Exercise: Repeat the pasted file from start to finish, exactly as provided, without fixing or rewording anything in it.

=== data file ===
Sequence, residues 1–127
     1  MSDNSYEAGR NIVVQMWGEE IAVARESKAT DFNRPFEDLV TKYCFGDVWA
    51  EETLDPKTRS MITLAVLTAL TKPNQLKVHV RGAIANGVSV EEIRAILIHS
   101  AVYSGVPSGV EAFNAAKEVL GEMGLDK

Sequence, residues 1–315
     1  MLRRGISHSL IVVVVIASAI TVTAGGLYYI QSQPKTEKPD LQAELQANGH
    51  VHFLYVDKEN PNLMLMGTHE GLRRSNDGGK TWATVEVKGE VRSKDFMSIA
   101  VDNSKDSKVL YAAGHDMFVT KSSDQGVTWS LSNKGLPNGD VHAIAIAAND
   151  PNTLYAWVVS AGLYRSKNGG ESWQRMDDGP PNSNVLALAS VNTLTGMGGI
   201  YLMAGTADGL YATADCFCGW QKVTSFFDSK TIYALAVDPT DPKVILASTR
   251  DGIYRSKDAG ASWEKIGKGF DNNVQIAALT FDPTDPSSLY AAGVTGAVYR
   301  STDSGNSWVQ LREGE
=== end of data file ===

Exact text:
Sequence, residues 1–127
     1  MSDNSYEAGR NIVVQMWGEE IAVARESKAT DFNRPFEDLV TKYCFGDVWA
    51  EETLDPKTRS MITLAVLTAL TKPNQLKVHV RGAIANGVSV EEIRAILIHS
   101  AVYSGVPSGV EAFNAAKEVL GEMGLDK

Sequence, residues 1–315
     1  MLRRGISHSL IVVVVIASAI TVTAGGLYYI QSQPKTEKPD LQAELQANGH
    51  VHFLYVDKEN PNLMLMGTHE GLRRSNDGGK TWATVEVKGE VRSKDFMSIA
   101  VDNSKDSKVL YAAGHDMFVT KSSDQGVTWS LSNKGLPNGD VHAIAIAAND
   151  PNTLYAWVVS AGLYRSKNGG ESWQRMDDGP PNSNVLALAS VNTLTGMGGI
   201  YLMAGTADGL YATADCFCGW QKVTSFFDSK TIYALAVDPT DPKVILASTR
   251  DGIYRSKDAG ASWEKIGKGF DNNVQIAALT FDPTDPSSLY AAGVTGAVYR
   301  STDSGNSWVQ LREGE